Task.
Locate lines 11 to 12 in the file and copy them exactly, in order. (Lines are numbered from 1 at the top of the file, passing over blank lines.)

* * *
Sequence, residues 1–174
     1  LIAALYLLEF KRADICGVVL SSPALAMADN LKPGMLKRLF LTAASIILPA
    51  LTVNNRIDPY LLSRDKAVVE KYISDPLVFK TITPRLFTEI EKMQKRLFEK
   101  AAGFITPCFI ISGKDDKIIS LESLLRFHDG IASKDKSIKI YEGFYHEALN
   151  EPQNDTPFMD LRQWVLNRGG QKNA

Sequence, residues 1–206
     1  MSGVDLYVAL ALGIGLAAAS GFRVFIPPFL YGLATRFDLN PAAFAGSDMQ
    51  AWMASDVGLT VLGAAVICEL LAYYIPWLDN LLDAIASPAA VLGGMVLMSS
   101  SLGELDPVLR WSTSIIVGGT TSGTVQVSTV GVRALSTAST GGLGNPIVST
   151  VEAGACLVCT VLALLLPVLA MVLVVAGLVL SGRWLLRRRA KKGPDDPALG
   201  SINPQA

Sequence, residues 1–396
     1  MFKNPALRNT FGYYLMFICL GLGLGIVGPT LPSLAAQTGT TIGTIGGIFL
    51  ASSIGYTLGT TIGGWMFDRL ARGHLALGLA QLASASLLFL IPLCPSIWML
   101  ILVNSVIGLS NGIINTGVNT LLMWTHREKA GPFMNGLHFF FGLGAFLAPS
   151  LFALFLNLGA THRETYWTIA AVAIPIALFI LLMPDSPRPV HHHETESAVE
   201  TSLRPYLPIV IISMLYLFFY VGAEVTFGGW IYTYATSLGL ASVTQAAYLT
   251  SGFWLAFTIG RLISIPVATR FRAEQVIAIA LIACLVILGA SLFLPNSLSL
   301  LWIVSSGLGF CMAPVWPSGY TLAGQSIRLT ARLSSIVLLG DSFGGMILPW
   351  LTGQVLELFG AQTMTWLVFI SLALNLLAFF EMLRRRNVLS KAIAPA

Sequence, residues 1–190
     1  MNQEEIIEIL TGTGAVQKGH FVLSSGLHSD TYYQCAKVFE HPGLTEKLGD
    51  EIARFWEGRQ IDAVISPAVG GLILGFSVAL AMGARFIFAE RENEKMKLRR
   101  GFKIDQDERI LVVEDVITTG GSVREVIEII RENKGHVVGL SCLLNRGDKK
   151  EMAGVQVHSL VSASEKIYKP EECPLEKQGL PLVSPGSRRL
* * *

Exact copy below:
   201  SINPQA

Sequence, residues 1–396